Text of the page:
First, whether the application is in a challenging environment or not, off-axis magnetic encoders can handle both environments, without expensive packaging options that limit encoder choices in most applications.  Magnetic encoder technology is resistant to contamination, including dirt and moisture. This allows for an economical choice across a broad range of applications that may not even be known by the motor manufacturer.

Second, some magnetic encoders can offer on-site programmability at the motor manufacturer. There is no need to purchase numerous encoder configurations to satisfy a multitude of customer needs. This technology features multiple resolution programming in combination with just a few magnetic target disk configurations to achieve nearly all common resolutions. Modular components can be purchased, avoiding the headache of stocking expensive, prepackaged fully assembled encoders.

Third, many motor OEM’s choose to customize their encoder solutions by building the encoder chip and target directly into the motor itself. This type of chip and target solution is great for reducing the overall motor size, saving material cost and allowing compact motor envelopes to fit in applications restrained by size.

Finally, many of these OEM’s don’t like to tie money up in costly inventory, particularly for expensive, environmentally protective encoder packaging. While this does save money, it can create prohibitively long lead times in getting finished motor product to the customer. Standard off-axis modular encoders and components that work in tough environments can reduce lead times and provide the reliability customers expect from more expensive, fully packaged encoders.

For more information on how to cover more applications, reduce your production costs, inventory expense and lead time with Timken off-axis magnetic encoders, reach me at 603.355.4502 or send me an email at encoders@timken.com.

Magnetic Encoders for High Reliability

Exactly why do magnetic encoders have higher inherent reliability, and what do the reliability numbers really look like?  Let me explain why they are reliable, and it’s not just because they can handle dirt and debris in the air gap.

There are some other inherent factors:

  • Magnetic encoders are a system on a chip. The one sensor chip takes in the magnetic field and does all processing right to the output signals. Other technologies often require multiple chips (optical) and/or extra wires (resolvers) or even separate sensor and processing chips. One chip means less component and interconnects to cause problems.
  • One tough magnet. The magnet is robust compared with a delicate optical disk. Timken sensor magnets are being used in the harshest environments, where an optical disk would never perform.
  • Works in high temperatures. Both the chip and the magnet are inherently shock and vibration resistant and easily handle temperatures up to 125 C or more. Designed for high temperatures, which means lower temperature operation is no challenge at all.
  • Allows larger tolerances without failure. Reliability is determined not just when things go right, but when things go wrong as they often do in the field. This means when tolerances aren’t met:  axial, radial or other. Timken sensor-to-magnet tolerances are much larger than those of both other magnetic technologies and optical sensors. The sensor-to-magnet tolerances are forgiving and handle the job much better when things go wrong. This means higher reliability for the entire system.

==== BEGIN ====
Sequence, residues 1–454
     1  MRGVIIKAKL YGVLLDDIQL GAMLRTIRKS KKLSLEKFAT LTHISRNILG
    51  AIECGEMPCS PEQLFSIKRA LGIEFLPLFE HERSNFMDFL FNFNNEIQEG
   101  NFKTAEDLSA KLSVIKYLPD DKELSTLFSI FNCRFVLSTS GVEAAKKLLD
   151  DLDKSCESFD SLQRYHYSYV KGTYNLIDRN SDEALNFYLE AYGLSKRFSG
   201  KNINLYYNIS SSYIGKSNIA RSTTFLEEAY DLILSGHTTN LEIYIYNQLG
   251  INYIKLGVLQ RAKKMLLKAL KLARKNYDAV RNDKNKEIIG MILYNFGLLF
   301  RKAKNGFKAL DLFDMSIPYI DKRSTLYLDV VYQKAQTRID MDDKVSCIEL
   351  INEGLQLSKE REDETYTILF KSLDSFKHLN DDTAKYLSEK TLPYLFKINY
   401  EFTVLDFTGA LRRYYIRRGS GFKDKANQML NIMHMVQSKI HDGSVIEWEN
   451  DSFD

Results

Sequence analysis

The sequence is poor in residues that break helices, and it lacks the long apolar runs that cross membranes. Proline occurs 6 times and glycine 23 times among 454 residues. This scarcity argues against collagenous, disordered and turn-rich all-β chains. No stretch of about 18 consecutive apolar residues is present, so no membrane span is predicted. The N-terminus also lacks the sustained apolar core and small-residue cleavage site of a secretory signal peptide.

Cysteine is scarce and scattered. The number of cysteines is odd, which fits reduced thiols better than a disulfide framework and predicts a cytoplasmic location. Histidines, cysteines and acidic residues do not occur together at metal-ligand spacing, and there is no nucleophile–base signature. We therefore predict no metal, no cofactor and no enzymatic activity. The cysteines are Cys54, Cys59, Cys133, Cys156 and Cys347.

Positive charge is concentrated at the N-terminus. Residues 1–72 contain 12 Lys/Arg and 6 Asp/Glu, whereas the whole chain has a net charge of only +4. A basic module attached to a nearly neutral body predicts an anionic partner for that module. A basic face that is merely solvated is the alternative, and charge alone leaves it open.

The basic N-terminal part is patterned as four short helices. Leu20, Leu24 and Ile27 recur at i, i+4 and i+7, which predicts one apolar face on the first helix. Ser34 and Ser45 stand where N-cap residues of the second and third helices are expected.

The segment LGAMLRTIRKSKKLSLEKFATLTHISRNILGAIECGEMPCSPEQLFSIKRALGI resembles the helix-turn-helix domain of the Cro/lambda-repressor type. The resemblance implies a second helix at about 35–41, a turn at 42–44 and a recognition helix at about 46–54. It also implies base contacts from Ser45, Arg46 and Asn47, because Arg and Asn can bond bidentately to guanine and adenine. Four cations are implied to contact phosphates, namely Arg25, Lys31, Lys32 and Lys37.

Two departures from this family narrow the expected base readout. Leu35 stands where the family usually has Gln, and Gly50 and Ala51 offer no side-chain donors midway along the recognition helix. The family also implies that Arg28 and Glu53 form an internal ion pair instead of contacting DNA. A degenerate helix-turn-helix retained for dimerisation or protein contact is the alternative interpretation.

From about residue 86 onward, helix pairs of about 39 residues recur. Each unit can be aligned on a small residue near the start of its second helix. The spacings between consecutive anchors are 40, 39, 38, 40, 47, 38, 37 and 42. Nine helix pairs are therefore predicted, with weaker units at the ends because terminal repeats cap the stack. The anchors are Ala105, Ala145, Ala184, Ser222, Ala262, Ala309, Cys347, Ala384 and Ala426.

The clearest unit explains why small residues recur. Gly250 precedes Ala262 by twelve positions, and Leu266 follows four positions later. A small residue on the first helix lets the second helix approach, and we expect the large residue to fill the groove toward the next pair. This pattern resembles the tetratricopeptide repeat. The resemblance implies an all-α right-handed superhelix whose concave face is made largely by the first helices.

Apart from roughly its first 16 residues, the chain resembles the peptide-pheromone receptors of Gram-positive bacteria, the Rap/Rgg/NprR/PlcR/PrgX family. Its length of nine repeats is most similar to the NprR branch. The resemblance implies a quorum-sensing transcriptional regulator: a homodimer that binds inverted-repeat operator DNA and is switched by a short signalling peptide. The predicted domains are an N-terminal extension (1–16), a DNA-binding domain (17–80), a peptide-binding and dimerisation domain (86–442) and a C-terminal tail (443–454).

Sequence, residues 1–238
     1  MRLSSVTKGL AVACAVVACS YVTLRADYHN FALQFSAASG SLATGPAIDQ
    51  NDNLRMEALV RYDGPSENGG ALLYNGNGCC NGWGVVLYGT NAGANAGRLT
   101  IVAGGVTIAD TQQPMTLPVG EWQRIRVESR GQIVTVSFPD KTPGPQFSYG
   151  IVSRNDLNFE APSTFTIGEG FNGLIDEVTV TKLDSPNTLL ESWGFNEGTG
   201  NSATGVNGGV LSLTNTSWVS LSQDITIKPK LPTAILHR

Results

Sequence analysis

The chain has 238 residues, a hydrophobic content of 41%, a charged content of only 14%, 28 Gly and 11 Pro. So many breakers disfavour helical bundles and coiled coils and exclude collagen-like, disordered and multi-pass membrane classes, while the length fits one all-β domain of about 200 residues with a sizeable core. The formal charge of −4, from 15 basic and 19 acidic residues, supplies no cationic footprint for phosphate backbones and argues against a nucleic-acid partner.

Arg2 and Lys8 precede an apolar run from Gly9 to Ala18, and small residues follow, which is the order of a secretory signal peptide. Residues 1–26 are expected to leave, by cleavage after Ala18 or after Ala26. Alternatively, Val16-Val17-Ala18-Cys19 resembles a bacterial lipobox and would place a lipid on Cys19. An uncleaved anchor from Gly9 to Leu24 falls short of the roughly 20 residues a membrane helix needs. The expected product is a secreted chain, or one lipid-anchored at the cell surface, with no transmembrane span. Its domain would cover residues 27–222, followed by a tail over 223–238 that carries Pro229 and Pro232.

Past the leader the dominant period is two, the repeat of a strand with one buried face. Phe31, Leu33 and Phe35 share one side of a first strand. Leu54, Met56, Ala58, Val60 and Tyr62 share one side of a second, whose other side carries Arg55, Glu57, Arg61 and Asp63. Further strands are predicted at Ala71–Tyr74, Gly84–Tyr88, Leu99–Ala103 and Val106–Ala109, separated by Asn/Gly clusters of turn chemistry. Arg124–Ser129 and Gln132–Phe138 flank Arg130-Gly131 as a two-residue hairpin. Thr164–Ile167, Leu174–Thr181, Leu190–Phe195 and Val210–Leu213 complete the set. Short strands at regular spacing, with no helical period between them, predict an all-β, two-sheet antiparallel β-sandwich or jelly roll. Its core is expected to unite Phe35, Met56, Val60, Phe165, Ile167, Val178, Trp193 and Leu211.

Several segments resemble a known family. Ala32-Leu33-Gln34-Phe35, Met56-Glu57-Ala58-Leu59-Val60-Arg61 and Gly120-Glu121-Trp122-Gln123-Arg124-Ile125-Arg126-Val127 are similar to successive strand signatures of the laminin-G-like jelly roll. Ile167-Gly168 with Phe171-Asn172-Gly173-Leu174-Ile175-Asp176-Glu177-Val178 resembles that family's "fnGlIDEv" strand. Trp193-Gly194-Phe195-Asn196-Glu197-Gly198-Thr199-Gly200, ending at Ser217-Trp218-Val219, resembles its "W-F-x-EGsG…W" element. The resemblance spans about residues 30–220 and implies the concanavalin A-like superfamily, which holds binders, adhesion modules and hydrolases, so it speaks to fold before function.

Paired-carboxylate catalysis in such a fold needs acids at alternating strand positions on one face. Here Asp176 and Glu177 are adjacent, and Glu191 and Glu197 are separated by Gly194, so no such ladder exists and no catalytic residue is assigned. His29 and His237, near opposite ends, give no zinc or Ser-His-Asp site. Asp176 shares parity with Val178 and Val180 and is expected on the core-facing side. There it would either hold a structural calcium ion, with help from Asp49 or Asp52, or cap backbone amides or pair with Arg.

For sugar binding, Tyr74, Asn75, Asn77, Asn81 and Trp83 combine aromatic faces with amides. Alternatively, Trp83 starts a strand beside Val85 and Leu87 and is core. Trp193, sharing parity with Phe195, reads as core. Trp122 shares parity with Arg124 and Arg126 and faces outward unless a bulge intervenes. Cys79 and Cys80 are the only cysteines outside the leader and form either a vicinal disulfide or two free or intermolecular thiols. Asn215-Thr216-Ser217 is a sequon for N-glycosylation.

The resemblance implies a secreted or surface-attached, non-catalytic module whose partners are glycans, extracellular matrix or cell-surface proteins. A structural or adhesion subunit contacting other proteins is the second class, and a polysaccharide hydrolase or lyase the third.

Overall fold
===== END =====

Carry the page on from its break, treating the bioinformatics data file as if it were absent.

• Outstanding track record. There are over 12 million Timken sensor chips in the field, most of which are automotive. Timken���s MPS160 sensor has undergone the rigorous automotive AECQ100 qualification. The qualification is severe and thorough, pushing components beyond their specified limits. The actual accepted die failure rates are in the low single-digit PPM range, an impressive track record.

So what are some of the applications that really test the reliability?  Here is a sample of some of the harsh applications it is being used in:

  • Mining trucks
  • Tractors
  • Farm equipment
  • Off-road transmissions
  • Robots – civilian and military
  • Box-making machines

When you look at all the factors that make Timken’s magnetic sensor technology reliable, why take a chance?  Go with Timken magnetic encoder technology.

Questions?  Call me at 603.358.4737 or send me at email at encoders@timken.com.  Please join our LinkedIn Group to continue the discussion.

The Dirty Truth About Magnetic Encoders

A. John Santos, Chief Engineer for Sensors


Let’s say your motor needs a rotary encoder to provide feedback to a controller. Which would you choose: a magnetic or an optical encoder?

In the past, an optical encoder might have been your only choice. Today, you have a second option. Magnetic encoders – once reserved for high-end process-industry applications – are now cost effective for virtually all encoder applications.

Magnetic encoders have benefited from overall advancements in integrated circuit technology. There is a wide range of Hall effect-based high-resolution encoder chips, modular encoders and kit encoders on the market.

Magnetic Encoder Advancements Outpace Optical Technology

The decision to use optical or magnetic technology for your next sensor will likely depend on the environmental and mechanical characteristics of your application. Magnetic encoder technology advancement has been outpacing optical technology for years. This has led to significant improvements in performance and pricing. While optics used to be the only choice for resolutions greater than 1,000 PPR, there are now 1.5 in. modular magnetic encoders and encoder kits available with up to 8,192 PPR.